Originally written as short plays for the New South Wales School Magazine, these stories are based upon a selection of myths in Ovid’s epic Metamorphoses. In Dubosarsky’s collection, she includes 11 short plays:
Icarus: The Boy who could Fly – Icarus’ father, Daedalus, makes them both wings of beeswax and feathers so that they can fly back to Athens. Daedalus warns Icarus not to fly too close to the sun or the water, but to take the middle path. The boy does not listen but flies closer and closer to the sun until the wax on his wings starts to melt and he tumbles into the sea.
Pygmalion: The Statue who came to Dinner – Pygmalion is a lonely man who is in love with a white, ivory statue which he has himself carved, named Galatea. When Pygmalion attends a festival, he requests Venus to make his statue come alive. His wish is granted and he returns home to find his Galatea is living flesh and blood.
Echo and Narcissus: When the girl who talked too much met the boy who loved himself – Echo is cursed by Juno and is only able to echo others’ words. She meets Narcissus (a very, very handsome boy) and tries to befriend him. Instead, Narcissus is distracted by the boy whom he can see in the water. He falls into the stream and disappears, but Echo is unable to tell his mother where he has gone.
Arachne: Spider Girl! – Arachne, a very talented but arrogant weaver, challenges Minerva (the goddess of wisdom) to a weaving contest. They both weave their own tapestries which are equally beautiful. Minerva is unnerved by Arachne’s rude attitude and turns her into a spider.
Erysichthon: The very very very very VERY Hungry Man – Erysichthon cuts down a tree (one that is beloved by the goddess of harvest, Ceres) and uses the wood for a fire. Ceres is outraged and orders Hunger to breath on Erysichton so that his hunger is never satisfied. Erysichton then embarks on a search for more and more food.
The Story of Io, the girl who was turned into a Cow – The young girl, Io, loves running from her father into the woods. One day she is met with Jupiter who himself is running away from his wife, Juno. When Juno appears, Jupiter panics. Not wishing to be found in the company of another woman, Jupiter turns Io into a cow.
Daphne and Apollo: The boy with the Golden Arrow – When a child mocks Cupid’s golden and black arrows, he demonstrates what they can do. With the golden arrow, Cupid strikes Apollo so that he falls in love with a young girl, Daphne. With the black arrow, Cupid shoots Daphne with the black arrow – making her impervious to any kind of love. Apollo follows her endlessly, but Daphne remains uninterested.
Philemon and Baucis: The Goose who was very nearly cooked – Jupiter and Mercury decide to go under-cover as ordinary people. They go around to various houses to stay the night but are met with rejection until they come to the house of Philemon Baucis, and their pet goose. When the couple realise that they are entertaining two gods, they decide to prepare their pet goose to serve it for dinner.
Theseus and Ariadne: the a-mazing ball of red wool – Theseus goes into the Minotaur’s Labyrinth to slay the Minotaur, and Ariadne weaves him some special red wool so that he won’t get lost.
Atlanta: The Fastest Girl in the World – Atlanta, a very fast runner; does not wish to get married so she tells her father that she will only marry the man who can beat her in a race. Hippomenes soon falls in love with her, and with the help of Venus, manages to beat her in the race.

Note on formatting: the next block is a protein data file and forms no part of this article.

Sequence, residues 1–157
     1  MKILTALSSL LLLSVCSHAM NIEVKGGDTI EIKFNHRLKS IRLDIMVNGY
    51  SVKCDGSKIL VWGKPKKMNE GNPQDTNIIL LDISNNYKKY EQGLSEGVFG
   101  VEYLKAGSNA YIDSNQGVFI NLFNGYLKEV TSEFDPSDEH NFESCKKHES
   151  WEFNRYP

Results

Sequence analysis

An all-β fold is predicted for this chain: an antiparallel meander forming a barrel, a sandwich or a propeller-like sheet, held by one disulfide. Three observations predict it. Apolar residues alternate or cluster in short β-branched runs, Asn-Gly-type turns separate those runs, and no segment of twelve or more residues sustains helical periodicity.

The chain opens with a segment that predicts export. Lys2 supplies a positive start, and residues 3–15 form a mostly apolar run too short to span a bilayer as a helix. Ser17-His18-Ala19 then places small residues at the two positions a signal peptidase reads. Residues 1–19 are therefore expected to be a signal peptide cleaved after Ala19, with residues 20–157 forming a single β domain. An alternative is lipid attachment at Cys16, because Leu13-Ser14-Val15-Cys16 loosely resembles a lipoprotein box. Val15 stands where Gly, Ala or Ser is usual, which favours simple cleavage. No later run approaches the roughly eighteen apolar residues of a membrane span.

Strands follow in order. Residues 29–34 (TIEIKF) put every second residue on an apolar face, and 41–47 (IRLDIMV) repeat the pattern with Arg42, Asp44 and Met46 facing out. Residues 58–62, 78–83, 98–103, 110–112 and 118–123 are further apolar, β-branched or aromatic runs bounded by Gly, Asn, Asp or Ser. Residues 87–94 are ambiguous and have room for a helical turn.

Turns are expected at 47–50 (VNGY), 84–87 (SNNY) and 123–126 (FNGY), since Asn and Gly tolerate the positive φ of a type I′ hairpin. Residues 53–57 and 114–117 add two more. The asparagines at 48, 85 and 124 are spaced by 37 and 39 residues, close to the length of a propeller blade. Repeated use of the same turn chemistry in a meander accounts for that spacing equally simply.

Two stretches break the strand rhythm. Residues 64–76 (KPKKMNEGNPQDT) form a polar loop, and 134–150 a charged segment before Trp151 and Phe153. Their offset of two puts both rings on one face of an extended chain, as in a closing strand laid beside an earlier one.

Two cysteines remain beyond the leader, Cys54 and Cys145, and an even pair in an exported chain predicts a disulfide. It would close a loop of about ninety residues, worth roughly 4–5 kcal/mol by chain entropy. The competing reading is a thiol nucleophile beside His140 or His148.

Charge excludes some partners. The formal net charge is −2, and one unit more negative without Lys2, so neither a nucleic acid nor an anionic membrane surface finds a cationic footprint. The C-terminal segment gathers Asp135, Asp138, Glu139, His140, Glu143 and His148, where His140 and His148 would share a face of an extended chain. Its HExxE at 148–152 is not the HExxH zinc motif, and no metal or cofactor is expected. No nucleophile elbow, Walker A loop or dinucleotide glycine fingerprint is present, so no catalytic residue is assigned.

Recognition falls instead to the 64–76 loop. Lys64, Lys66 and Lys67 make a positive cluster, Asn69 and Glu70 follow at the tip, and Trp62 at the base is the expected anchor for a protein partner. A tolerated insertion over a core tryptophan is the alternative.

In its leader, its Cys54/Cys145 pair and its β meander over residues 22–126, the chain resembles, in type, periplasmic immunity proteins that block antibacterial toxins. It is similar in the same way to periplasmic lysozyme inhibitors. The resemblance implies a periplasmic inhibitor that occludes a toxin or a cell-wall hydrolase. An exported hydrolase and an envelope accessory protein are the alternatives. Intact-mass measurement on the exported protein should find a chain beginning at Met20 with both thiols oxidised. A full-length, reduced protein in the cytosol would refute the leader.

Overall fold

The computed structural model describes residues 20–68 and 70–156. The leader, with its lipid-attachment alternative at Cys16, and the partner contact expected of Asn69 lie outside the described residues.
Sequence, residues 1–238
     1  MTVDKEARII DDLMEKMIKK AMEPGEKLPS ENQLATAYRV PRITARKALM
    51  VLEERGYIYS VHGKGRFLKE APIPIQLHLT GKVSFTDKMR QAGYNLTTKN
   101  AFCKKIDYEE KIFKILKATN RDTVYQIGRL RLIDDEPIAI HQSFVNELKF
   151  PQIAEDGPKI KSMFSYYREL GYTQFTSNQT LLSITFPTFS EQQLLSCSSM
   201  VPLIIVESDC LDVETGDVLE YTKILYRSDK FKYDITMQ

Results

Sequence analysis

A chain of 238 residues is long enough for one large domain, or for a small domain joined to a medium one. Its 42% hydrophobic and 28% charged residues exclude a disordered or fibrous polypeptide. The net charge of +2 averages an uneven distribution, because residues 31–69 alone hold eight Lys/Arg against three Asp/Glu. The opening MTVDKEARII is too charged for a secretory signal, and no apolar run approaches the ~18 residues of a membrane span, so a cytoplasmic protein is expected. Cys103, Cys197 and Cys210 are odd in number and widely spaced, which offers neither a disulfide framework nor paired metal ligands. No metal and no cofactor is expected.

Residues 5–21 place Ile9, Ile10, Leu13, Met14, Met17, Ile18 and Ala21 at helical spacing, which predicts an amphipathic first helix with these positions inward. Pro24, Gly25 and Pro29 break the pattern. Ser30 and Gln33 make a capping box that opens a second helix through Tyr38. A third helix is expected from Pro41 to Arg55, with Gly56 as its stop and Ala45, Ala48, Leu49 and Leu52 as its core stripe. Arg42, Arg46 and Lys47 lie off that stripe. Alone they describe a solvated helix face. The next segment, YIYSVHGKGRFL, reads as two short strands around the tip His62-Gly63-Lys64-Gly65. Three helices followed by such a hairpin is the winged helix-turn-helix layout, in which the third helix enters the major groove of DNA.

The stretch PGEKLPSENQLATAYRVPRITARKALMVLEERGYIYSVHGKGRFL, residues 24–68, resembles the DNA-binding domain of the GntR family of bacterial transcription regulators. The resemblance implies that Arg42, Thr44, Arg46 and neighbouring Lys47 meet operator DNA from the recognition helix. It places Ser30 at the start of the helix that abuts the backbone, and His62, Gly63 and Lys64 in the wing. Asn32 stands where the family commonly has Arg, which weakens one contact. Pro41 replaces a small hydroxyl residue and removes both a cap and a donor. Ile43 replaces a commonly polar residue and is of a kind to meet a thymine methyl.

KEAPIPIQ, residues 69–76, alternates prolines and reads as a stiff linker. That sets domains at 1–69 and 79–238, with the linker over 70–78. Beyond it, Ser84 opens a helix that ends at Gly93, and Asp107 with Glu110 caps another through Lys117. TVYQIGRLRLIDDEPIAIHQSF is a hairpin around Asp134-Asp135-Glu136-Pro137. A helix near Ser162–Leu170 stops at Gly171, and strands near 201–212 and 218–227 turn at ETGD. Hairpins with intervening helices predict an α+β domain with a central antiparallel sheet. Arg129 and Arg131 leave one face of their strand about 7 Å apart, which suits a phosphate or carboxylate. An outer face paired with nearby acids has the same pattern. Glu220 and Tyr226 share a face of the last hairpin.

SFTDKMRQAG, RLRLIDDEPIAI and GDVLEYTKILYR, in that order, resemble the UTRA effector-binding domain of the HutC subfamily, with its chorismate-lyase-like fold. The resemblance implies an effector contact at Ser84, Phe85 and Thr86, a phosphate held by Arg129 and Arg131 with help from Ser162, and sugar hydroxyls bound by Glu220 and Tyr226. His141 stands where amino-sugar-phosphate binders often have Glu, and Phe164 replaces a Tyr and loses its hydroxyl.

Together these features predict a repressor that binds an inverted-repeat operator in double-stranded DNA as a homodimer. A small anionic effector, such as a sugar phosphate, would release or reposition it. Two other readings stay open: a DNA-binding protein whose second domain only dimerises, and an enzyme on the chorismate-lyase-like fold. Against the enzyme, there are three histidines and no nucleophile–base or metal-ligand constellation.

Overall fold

King Midas and the Whispering Grass – King Midas judges a flute-playing contest between Pan and Apollo, but angers Tmolus (the mountain god) with his verdict. Tmolus curses him with donkey’s ears and King Midas hides them under his turban. When his servant, Petronella, discovers that he now has ears, she is desperate to tell somebody – so she whispers it only to the grass.
Each of these myths have been retold in a fun, and clever style which is entertaining for both children and adults. The plays are filled with sarcastic and humorous overtones, some of which would only be picked up by adults. In Pygmalion: The Statue who came to Dinner, Pygmalion talks to the white statue ‘Lucky I’ve got you, Galatea darling. So sensitive, so gentle. You never raise your voice, or giggle, or argue’ (unpaginated). The play pokes fun at the desperate actions of Pygmalion (being in love with a statue), though the humour here is likely lost on a younger audience. The stage directions are lively and engaging. They are intended to be performed by school children, and possibly older students who have an interest in Greek or Roman Mythology, provided as supplementary reading material for young students (a particular aim of the New South Wales School magazine).
The individual plays retain their plots as they appear in Ovid’s epic, but at times the stories are altered to suit a younger audience. For example, Echo does not appear to be in love with Narcissus, but rather meets him in hope of having a play-mate. In Theseus and Ariadne, the story ends with Ariadne sailing away with Theseus – though the narrative mentions her ‘dreaming’ that she will go up into the sky. In this case, Dubosarsky only hints at what comes after (that Theseus will abandon Ariadne), but it is not explicit in the text. Likewise, in Pygmalion and Galatea, the story tells of his statue, Galatea, who comes to life through the powers of Venus. Once living, Pygmalion and Galatea celebrate with a dinner – a slightly less erotic celebration than the one described by Ovid. The morals of Ovid’s stories are sometimes quite ambiguous. Arachne, while hubristic, lives up to her claims of being a great weaver and her work is of equal quality to Minerva’s. The god’s punishment of Arachne then looks like jealousy, rather than simply punishing her for her audacity. Similarly, Io is transformed into a cow simply because of her looks. Just as Daphne is saved from rape only by being transformed into a laurel tree. There is no justice or moral in these stories from the perspective of the maidens. It is likely that Dubosarsky aims to retain this amoral tendency of the original stories.